Reprint as at 21 April 2016
Rt Hon Dame Sian Elias, Administrator of the Government
At Wellington this 28th day of July 2014
Present:Her Excellency the Administrator of the Government in Council
Changes authorised by subpart 2 of Part 2 of the Legislation Act 2012 have been made in this official reprint.
Note 4 at the end of this reprint provides a list of the amendments incorporated.
These regulations are administered by the Ministry of Health.
Pursuant to section 101 of the Psychoactive Substances Act 2013, Her Excellency the Administrator of the Government, acting on the advice and with the consent of the Executive Council and on the recommendation of the Minister of Health made after complying with section 101(2) of that Act, makes the following regulations.
These regulations are the Psychoactive Substances Regulations 2014.
These regulations come into force on 3 November 2014.
In these regulations, unless the context otherwise requires,—
Act means the Psychoactive Substances Act 2013
automatic vending machine means a self-service machine that,—
on the insertion of a coin or token or by any other means, dispenses approved products by way of sale, whether automatically or with the assistance of the buyer; and
does not require replenishment between each sale
container, in relation to an approved product,—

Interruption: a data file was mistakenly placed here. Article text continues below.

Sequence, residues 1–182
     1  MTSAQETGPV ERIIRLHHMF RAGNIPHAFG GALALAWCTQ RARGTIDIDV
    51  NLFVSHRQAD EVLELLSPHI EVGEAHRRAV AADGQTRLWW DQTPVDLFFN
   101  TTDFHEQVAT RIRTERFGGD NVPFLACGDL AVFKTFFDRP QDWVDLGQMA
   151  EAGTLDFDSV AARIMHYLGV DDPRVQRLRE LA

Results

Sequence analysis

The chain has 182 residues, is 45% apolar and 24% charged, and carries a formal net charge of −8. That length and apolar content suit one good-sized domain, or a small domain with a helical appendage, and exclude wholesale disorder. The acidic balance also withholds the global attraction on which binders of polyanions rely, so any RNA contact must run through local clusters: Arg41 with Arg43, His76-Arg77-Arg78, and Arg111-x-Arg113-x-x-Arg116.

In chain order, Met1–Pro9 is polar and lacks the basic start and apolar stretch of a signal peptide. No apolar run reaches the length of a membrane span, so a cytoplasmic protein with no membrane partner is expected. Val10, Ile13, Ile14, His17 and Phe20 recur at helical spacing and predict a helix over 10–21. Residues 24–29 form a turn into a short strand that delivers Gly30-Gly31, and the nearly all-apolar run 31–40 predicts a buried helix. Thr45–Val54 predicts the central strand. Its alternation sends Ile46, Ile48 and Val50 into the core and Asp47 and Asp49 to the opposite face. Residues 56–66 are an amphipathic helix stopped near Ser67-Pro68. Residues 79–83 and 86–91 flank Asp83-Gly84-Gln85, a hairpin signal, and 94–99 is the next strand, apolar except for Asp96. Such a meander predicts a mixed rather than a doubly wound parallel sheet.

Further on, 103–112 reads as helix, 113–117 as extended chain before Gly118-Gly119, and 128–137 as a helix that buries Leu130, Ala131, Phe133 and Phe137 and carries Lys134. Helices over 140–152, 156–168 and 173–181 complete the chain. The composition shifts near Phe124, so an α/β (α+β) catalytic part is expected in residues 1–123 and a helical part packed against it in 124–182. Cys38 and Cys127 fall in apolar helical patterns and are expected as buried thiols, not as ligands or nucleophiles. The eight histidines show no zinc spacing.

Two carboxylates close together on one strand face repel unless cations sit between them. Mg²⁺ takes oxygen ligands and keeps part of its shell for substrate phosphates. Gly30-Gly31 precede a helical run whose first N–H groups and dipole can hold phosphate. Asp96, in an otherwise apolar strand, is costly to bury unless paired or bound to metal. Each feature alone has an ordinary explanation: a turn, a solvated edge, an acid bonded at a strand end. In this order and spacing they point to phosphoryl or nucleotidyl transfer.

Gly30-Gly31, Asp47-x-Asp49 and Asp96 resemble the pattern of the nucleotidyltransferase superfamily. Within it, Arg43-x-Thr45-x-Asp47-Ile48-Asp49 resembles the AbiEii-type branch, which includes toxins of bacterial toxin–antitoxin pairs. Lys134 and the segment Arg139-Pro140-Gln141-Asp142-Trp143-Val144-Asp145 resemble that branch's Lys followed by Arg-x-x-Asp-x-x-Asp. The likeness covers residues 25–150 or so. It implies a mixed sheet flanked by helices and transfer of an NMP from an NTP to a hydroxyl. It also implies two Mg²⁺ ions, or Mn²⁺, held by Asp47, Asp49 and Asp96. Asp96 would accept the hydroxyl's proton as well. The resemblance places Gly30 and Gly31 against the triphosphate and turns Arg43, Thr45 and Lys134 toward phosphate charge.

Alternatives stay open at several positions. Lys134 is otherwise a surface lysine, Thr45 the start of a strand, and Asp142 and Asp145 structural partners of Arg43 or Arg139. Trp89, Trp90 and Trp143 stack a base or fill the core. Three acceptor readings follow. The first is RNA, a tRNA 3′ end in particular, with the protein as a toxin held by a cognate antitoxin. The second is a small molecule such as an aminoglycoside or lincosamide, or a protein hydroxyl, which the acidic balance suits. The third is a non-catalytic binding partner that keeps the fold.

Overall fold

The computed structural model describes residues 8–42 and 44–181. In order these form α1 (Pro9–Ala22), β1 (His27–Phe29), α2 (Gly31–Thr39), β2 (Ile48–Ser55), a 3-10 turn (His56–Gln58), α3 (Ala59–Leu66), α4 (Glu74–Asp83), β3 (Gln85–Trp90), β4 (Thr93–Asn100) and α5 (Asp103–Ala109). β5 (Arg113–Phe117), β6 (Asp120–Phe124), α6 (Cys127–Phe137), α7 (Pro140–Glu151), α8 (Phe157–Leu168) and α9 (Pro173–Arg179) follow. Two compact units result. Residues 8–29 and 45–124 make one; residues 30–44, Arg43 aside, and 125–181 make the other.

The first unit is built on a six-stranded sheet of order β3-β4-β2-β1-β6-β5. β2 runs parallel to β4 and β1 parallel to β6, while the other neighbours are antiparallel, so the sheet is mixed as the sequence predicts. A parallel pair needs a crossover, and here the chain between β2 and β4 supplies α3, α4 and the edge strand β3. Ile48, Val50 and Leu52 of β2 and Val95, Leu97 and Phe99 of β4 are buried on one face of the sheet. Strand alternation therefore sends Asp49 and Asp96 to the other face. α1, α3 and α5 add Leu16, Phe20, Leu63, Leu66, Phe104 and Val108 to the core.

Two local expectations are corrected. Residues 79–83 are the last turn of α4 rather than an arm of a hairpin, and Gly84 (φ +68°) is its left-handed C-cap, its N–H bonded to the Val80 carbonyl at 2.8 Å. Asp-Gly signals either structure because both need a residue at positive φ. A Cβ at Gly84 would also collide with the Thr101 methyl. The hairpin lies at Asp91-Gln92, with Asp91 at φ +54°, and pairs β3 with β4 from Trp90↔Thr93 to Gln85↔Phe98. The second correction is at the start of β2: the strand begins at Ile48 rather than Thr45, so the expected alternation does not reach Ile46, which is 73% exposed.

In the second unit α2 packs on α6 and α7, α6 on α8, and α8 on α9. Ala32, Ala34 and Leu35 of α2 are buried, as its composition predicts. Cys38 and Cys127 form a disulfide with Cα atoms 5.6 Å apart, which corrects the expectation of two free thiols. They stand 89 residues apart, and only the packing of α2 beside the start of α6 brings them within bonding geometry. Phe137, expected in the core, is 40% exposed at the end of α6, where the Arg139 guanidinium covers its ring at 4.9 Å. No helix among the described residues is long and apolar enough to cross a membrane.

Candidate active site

means a bottle, jar, box, packet, or other receptacle that contains or is to contain the approved product (other than any receptacle in which the container is or is to be contained); but
does not include a capsule, cachet, or other article from which the approved product is or is to be administered
importer means a person who holds a licence to import psychoactive substances granted under the Act
manufacturer means the person who holds a licence to manufacture psychoactive substances granted under the Act
residential premises means any premises used or intended for occupation by any person as a place of residence
retailer means a person who holds a licence to sell approved products by retail granted under the Act
seller means a retailer, wholesaler, or person who holds a licence to sell psychoactive substances that are not approved products granted under the Act
tamper-evident, in relation to a container, means a container that can be reasonably expected to provide visual evidence that tampering has occurred
URL means a World Wide Web uniform resource locator